Breakfast & Brunch | December 6, 2020

Buttermilk Aebleskivers

Buttermilk Aebleskivers are a Danish treat, a cross between a pancake and donut without the deep frying! We love to make Buttermilk Aebleskiver on Christmas morning and eat them plain, filled with a little jam or chocolate and sprinkle with powdered sugar.

Buttermilk Aebleskivers

Introduction to Danish Aebleskiver

A few years ago, my friend Jill hosted a gathering for the young women in our neighborhood at Christmas time. We spent a good part of the evening eating these delicious Danish Aebleskiver. It was the first time I helped make aebleskiver and I was amazed at how simple they are to create at home! My guess is, most of the ingredients you will have on hand in your pantry and fridge.

Danish Aebleskivers

What you need to make Danish Aebleskiver

The only absolutely necessary piece of equipment is the Aebleskiver pan. One is essential, two are nice if you are feeding a large crowd!  I have this pan, and also this  less expensive pan. I can’t detect much of a difference at all while cooking the aebleskiver.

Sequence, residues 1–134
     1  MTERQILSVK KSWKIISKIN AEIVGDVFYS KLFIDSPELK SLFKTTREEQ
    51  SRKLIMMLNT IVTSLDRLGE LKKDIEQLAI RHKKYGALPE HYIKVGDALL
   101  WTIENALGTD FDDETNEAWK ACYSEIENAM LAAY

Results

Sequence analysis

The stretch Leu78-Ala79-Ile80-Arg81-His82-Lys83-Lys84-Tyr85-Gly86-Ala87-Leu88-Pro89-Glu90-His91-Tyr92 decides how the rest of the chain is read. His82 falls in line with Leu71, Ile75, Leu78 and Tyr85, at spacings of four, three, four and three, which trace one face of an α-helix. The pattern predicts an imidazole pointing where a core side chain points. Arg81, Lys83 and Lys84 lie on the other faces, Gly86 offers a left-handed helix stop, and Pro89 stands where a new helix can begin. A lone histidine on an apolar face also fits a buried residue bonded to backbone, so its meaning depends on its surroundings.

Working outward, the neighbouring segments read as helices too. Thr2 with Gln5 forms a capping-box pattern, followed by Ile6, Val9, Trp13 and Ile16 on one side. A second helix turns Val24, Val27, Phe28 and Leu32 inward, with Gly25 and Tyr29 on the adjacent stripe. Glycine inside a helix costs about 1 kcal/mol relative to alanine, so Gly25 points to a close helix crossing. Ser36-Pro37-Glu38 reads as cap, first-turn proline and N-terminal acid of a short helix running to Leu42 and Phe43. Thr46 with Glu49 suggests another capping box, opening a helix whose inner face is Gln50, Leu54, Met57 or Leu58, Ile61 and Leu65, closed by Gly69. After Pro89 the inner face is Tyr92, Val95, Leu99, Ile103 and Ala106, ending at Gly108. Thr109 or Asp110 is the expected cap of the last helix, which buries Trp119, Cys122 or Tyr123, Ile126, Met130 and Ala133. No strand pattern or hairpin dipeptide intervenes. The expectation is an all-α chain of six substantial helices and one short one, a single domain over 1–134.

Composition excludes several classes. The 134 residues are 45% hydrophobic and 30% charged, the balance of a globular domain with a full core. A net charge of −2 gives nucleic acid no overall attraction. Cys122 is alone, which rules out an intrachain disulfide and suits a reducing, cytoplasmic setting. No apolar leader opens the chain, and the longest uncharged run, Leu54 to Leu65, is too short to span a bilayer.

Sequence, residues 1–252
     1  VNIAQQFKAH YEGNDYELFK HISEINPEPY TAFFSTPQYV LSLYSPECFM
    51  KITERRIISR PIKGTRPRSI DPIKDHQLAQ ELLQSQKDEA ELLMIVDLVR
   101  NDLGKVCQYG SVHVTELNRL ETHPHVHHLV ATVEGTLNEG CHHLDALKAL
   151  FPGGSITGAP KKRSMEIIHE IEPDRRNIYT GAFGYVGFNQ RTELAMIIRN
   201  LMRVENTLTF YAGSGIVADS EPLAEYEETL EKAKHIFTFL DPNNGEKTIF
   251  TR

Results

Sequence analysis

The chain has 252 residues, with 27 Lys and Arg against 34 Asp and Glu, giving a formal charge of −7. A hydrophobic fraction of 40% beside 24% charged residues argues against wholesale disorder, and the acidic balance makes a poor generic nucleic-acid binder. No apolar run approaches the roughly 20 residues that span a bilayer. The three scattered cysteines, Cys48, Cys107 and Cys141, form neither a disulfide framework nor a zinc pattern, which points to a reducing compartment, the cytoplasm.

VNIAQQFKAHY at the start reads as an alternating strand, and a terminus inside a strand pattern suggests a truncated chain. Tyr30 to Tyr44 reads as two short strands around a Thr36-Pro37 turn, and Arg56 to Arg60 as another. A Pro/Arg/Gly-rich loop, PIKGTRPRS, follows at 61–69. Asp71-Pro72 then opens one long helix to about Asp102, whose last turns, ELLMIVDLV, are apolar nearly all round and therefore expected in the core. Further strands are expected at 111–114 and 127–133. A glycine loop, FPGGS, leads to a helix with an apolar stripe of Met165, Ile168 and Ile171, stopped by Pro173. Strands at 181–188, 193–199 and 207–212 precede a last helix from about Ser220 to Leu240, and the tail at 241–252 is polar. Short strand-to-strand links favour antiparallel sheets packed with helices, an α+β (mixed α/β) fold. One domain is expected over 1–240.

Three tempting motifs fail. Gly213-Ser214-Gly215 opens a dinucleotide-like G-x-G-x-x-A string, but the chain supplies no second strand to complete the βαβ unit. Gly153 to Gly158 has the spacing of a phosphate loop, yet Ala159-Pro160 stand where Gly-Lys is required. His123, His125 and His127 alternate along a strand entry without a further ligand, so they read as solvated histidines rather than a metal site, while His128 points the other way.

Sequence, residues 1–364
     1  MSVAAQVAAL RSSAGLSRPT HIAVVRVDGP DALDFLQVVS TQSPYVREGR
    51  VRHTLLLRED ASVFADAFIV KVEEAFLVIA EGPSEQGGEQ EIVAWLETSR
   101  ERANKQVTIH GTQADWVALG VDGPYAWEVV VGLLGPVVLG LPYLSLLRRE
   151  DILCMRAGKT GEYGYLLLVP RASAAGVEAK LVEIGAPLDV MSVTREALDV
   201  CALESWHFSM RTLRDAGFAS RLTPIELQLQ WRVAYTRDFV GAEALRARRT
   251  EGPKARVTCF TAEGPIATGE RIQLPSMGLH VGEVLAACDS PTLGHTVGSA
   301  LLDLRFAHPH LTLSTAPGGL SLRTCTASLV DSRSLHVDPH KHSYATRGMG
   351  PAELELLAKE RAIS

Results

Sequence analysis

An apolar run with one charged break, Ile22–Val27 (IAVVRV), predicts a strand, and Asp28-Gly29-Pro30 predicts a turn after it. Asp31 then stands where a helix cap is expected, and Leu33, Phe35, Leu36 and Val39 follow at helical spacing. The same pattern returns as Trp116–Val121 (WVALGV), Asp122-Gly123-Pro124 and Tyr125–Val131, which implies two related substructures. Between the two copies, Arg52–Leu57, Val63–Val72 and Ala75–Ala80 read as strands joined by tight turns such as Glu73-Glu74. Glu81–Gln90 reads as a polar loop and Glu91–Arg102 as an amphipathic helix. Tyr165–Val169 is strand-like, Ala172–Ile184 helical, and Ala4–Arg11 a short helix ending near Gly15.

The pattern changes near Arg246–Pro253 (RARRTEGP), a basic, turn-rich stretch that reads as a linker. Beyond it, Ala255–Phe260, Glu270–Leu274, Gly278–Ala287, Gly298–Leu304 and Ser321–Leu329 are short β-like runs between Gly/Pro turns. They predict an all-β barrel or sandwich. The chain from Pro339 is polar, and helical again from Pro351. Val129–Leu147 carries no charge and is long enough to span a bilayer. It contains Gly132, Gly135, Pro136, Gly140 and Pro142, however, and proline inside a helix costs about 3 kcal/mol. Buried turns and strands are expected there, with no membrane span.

This recipe for Buttermilk Aebleskiver takes minutes to mix up and then it’s just a matter of cooking the batter in an Aebleskiver pan and keeping  up with the demand of flipping and sprinkling the aebleskiver with  powdered sugar before they get eaten up! If you are using two pans, two people in charge of cooking and filling the pans, flipping, etc., makes the process much easier!

Aebleskiver Pan

Variations of Buttermilk Aebleskiver